Joseph Hunkins Said,
Michael the V7Ndotcom elursrebmem contest is NOT a call only to spammers – it’s a reasonable and fascinating experimental approach to figuring out how ranking works. I’m restraining myself from saying how PISSED OFF I get when people suggest that simply trying to figure out Google’s definition of “relevancy” is the province of cheats and liars which it’s NOT. I have huge respect for Matt and his spam team, and for the fact they must deal with a lot of crap, but I’m not going to ignore information about ranking or not run any experiments. I’m think Matt would agree that ranking experiments that stay within the Google webmaster guidelines are a reasonable use of electrons. V7N as a *concept* is within the guidelines though I’m sure some people are using spammy methods to rank.
within the guidelines?
what about guideline number 3:
Create a useful, information-rich site, and write pages that clearly and accurately describe your content.
how is a page that ranks for a nonsense term useful or information rich?
Doesn’t information have to involve real words?
Michael Martinez Said,
” I’m restraining myself from saying how PISSED OFF I get when people suggest that simply trying to figure out Google’s definition of “relevancy” is the province of cheats and liars which it’s NOT.”
Then you have no reason to be pissed off at me. I wonder how you feel about people putting words into other people’s mouths, though, and deliberately misrepresenting and misconstruing what those other people say.
Nonetheless, the v7ndotcom contest reveals nothing about relevancy, and is little more than a call to spammers to have some fun and earn some money. Legitimate people may have gotten involved in it, but that doesn’t change the fact that the results have been spammed to death (with 6 milllion+ raw hits).
A much more reliable SEO contest would not use the cattle call approach. It would require independent judging by panels and evaluation of live projects (with full non-disclosure agreements to ensure contestants’ contracts were not violated or compromised).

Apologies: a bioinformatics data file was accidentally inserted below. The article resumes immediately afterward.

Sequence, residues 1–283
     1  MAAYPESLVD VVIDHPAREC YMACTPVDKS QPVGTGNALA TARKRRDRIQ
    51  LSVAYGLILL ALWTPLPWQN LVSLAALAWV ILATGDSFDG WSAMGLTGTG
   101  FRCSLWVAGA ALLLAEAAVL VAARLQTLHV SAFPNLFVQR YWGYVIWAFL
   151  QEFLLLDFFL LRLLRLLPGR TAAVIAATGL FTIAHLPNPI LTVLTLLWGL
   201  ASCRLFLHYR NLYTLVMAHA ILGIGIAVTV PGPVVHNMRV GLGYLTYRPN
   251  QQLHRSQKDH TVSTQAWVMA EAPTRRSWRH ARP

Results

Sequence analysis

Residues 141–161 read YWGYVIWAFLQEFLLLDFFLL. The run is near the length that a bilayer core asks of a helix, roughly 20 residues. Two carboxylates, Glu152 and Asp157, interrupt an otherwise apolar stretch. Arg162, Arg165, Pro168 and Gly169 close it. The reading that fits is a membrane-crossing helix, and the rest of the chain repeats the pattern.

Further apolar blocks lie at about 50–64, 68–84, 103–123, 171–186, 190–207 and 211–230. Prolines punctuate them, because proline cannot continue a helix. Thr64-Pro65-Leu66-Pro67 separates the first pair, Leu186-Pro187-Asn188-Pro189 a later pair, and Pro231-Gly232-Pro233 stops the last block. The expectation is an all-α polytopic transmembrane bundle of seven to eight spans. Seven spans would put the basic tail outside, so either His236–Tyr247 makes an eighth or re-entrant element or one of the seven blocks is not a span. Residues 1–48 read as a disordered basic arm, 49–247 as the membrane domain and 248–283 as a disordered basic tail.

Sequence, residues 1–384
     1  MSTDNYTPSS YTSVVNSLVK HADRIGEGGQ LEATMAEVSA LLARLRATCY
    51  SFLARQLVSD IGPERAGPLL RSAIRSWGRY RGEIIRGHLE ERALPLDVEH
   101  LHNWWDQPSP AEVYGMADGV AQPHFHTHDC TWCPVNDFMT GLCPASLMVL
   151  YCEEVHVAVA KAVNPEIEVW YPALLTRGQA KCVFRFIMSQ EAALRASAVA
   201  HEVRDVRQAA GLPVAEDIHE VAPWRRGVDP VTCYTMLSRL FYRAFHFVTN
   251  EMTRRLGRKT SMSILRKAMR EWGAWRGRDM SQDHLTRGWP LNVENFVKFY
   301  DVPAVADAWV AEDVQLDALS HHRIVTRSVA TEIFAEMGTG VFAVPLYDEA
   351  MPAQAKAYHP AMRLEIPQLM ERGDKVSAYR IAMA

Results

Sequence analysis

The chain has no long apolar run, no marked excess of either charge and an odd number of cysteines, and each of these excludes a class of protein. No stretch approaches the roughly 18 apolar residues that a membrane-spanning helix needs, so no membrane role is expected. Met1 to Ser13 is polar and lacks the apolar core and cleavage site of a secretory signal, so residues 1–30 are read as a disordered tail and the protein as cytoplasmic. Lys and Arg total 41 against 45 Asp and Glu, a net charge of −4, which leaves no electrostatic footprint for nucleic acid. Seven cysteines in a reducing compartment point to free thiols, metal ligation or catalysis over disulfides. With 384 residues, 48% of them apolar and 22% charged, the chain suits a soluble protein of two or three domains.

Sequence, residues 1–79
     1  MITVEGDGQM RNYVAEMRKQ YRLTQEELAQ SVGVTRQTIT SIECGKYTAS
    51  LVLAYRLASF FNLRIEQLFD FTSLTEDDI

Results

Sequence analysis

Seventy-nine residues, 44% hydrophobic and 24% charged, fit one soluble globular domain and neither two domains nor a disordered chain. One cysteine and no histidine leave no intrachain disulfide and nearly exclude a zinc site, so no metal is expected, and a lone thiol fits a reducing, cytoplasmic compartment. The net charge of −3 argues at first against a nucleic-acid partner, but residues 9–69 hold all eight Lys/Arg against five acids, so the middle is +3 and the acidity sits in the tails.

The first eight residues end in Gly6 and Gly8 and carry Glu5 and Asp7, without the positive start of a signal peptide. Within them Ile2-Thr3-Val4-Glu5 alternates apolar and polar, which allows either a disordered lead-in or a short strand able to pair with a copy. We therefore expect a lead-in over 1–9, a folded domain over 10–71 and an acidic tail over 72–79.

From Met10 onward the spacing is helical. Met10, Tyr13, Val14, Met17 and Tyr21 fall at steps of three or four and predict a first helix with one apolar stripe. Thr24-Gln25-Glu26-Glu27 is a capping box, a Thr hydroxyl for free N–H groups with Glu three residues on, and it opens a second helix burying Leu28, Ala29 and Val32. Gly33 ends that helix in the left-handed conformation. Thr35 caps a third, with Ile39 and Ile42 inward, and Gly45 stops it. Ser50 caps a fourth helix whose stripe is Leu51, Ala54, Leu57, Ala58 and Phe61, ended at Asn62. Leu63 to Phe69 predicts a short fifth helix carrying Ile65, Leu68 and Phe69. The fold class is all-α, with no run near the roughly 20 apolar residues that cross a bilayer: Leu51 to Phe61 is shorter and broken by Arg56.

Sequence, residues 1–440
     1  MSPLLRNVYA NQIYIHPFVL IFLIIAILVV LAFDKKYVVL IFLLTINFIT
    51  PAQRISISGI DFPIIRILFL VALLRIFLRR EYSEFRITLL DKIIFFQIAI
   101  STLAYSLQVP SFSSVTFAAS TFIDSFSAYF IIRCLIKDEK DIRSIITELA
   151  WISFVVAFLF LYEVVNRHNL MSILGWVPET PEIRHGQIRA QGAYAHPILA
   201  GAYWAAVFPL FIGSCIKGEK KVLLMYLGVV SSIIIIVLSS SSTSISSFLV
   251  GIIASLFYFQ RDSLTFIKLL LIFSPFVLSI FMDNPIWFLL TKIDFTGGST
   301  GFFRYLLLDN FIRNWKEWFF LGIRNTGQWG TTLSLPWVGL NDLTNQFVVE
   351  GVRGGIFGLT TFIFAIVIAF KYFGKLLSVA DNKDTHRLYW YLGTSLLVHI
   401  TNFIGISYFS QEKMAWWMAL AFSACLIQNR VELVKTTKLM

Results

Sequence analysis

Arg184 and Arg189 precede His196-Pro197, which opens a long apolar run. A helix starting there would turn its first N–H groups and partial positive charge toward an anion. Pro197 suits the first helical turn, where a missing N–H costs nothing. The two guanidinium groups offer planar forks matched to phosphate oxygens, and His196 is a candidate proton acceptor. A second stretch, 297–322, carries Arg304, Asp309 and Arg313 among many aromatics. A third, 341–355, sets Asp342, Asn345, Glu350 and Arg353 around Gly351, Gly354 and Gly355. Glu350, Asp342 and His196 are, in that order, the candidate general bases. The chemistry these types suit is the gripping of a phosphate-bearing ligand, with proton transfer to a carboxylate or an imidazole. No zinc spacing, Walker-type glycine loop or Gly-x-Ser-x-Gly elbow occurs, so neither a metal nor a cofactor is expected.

Joseph Hunkins Said,
1. I apologize. I didn’t mean YOU piss me off, rather the idea in general, but it did look attack-like from my response and that was bad by me.
2. I also agree with you that V7dotcom is probably inferior to the type of study you suggest. Interesting though that the V7 listings do appear to be propagating much like “normal” ones. Google prefers to avoid manual intervention and I’m guessing they’ll avoid it here as well.
Ryan – Maybe I’m splitting hairs a bit but you are doing what people should NOT do and that’s starting to accept Google’s most restrictive interpretation of their rules as the “correct” one. In the traditions of early Google I say they/we should use less restrictive interpretations of the guidelines. But even with restrictive use I’d say that the V7 contest does meet the criteria you cite above as follows:
Useful – V7 sites are useful to many both as experiments and as a big SEO news item.
Info rich – look at all the listings! Most have LOTS of relevant, real information about the contest. Those that do not don’t rank well. hmmmmmm
Accurately describe your content: Again, most do this while those like the “hotel” site (hi DaveN) create a fiction and make it clear it’s a fiction.
The more I watch the contest the more convinced I am it’s fun, educational, and legitimate. I wish Matt would weigh in but I think he can’t cuz it’s an “Algorithmic item”.
Oh yes – here is the V7ndotcom elursrebmem Alien Astronaut evidence
I've found a new table tennis rubber sheet I really like with one of those funny, malapropesque Chinese names. It's the "PALIO" CJ 8000 tension model. PALIO means "People always love it only". The numbers and other stuff might make some sense – I don't know.
But I do love my PALIO sheets and have ordered more. At about 10.00 per sheet they are a third the cost of comparable German or Japanese rubber and so far feel about the same as the German equivalent.
I've GOT to get to China – both to see the changes, internet buzz, and to play some great table tennis with my Palio!